But my concern is, that by governing from the center right, capitulating to the Republicans repeatedly, the president will accomplish the precise opposite of what you hope for. His policies, being at best half hearted, will be ineffective, and the conclusion (led by Republican talking heads) will be that "socialism under Obama failed". When, of course, he is nothing near socialist.

      •  LBJ, who unlike Obama, really did pass progressive (10+ / 0-)
        legislation and had one of the most ambitious records of any Democrat (including FDR) in the entire 20th Century, was pushed out from the left.

        I really don't understand your comment.

        The claim that there is no history seems well to deny some parts of that history.

        •  'Cuz he couldn't let a lost war go. (5+ / 0-)

          Sound familar?

          Yes, he passed relatively progressive legislation-remember that was during the Cold War when the (correct) Soviet propaganda about our institutions of racism hit from abroad & Americans marched in the streets demanding civil rights.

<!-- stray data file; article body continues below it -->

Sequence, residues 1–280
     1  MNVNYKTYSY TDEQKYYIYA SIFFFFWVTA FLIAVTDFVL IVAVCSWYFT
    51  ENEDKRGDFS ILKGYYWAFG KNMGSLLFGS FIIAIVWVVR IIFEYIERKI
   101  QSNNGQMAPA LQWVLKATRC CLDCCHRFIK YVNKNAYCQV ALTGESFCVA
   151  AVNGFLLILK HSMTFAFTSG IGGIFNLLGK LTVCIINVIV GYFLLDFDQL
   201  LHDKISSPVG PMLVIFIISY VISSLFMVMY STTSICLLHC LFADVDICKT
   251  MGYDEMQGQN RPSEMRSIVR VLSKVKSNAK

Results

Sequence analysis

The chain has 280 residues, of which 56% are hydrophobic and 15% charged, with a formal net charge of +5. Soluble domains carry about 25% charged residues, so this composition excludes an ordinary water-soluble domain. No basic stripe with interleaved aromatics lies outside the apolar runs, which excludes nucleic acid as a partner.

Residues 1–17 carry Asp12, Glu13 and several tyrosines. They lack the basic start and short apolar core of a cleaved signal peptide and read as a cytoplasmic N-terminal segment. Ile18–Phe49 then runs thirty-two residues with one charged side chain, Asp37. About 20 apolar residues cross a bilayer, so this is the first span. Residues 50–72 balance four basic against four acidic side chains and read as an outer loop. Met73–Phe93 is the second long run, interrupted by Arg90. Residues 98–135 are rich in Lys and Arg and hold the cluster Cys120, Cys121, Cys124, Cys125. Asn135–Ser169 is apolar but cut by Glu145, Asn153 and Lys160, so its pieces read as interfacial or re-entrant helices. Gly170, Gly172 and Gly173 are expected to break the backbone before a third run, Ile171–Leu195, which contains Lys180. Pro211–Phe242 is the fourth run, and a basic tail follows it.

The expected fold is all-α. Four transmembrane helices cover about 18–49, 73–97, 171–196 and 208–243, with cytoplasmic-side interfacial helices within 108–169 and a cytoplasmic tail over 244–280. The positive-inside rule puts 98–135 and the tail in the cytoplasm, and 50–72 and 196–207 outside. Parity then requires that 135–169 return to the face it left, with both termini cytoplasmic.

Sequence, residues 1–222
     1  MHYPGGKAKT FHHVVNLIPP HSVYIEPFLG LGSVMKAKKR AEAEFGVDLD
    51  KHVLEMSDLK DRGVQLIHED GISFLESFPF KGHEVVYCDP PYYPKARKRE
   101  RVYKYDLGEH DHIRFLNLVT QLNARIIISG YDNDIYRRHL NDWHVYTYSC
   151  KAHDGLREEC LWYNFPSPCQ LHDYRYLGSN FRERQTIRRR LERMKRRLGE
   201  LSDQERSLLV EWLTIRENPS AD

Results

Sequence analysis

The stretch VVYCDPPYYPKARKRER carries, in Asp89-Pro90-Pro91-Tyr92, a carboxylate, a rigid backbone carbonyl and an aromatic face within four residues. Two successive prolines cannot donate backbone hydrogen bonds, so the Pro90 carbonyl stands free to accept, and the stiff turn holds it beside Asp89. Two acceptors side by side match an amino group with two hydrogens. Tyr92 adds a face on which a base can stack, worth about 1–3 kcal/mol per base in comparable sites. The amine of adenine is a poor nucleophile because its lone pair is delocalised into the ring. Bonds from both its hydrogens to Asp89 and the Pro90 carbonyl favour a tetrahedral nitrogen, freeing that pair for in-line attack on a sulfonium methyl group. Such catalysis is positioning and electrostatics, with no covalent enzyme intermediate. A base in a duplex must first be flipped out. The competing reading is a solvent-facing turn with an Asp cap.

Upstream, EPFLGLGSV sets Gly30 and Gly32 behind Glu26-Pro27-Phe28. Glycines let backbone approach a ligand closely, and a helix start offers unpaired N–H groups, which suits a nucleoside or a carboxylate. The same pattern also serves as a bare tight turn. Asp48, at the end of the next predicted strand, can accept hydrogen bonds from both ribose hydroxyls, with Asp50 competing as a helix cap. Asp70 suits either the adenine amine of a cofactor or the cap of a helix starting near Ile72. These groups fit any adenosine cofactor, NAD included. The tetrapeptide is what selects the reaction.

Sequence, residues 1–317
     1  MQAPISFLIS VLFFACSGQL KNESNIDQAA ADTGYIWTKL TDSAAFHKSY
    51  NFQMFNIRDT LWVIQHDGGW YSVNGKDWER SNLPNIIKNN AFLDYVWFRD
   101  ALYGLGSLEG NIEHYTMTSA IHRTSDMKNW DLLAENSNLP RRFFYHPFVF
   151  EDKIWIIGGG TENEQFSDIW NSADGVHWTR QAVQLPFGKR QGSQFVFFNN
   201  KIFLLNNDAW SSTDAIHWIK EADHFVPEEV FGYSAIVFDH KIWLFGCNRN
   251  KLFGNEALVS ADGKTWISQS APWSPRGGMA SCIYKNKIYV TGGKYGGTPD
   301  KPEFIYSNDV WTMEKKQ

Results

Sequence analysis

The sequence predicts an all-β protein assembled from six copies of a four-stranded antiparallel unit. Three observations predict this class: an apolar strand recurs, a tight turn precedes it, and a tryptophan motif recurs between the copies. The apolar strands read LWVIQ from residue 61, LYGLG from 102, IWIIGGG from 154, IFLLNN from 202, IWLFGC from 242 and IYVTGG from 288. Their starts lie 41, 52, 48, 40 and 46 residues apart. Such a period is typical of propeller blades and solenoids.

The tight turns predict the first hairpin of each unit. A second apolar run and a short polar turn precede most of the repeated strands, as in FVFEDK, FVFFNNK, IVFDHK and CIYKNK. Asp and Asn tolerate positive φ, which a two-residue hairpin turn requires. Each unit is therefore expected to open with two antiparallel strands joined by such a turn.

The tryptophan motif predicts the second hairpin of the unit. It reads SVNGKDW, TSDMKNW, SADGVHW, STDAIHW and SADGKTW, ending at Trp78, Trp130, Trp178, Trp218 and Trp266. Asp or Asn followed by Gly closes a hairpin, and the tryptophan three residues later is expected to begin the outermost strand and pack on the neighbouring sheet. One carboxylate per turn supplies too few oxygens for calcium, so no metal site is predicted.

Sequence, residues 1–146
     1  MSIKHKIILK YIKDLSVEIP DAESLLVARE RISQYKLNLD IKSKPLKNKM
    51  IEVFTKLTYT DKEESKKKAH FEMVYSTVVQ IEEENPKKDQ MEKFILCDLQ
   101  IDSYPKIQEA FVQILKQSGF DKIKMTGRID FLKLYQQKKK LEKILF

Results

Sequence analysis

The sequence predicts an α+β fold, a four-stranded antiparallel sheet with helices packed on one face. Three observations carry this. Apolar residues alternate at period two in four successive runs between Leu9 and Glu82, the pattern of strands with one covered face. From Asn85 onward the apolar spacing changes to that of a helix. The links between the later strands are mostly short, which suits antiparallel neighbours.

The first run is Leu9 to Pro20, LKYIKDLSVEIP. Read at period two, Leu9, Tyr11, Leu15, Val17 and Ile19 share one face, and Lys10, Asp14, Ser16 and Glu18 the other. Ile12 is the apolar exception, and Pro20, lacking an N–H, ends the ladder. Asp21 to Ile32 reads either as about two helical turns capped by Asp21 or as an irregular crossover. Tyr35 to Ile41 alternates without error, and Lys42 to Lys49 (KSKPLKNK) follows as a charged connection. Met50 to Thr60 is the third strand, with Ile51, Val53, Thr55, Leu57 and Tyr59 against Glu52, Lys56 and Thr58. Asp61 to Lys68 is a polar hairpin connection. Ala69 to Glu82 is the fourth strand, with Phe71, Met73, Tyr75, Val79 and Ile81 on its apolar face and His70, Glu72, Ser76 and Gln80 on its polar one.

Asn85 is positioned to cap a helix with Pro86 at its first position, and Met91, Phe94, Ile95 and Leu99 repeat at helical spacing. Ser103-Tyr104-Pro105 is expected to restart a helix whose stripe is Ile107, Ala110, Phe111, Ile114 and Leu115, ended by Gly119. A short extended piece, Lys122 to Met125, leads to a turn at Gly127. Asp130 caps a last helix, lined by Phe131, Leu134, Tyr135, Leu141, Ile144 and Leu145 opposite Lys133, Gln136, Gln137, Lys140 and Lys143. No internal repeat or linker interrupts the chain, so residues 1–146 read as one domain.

There's no external power "pushing" us to the left now...just an inexorable sliding rightward into the dustbin of "know-nothingness."

          Meteor Blades seems to do an outstanding job of community moderation despite the abject failure to be perfect.

          by catilinus on Mon Nov 29, 2010 at 08:28:13 PM PST

          [ Parent ]

          •  Relatively? (9+ / 0-)

            See, sorry, that's why i can't stay at this site.

            Compare to Obama, there's no relativity. LBJ was on the left, and Obama is a full  on right winger. Because everyone compares the right to reactionaries (which is what the GOP is now) they assume that one can not be a right winger without being ape throwing shit against the wall nuts.

            I was taught by old school conservatives.  I actually moved left as I have gotten older rather than right. They are pretty comfortable with Obama.

            I don't understand your scales at all. They seem to seek the most extreme example to compare LBJ too at the time, and then ignore the fact that the comparison in between Obama and LBJ.

            More over, I don't get your argument as far as pushing to the left is concerned. Who determines whether there is a left or not? Is this some kind of magical fairy land place that no one actually goes to anymore? If you want to push Obama, then push him is what i say.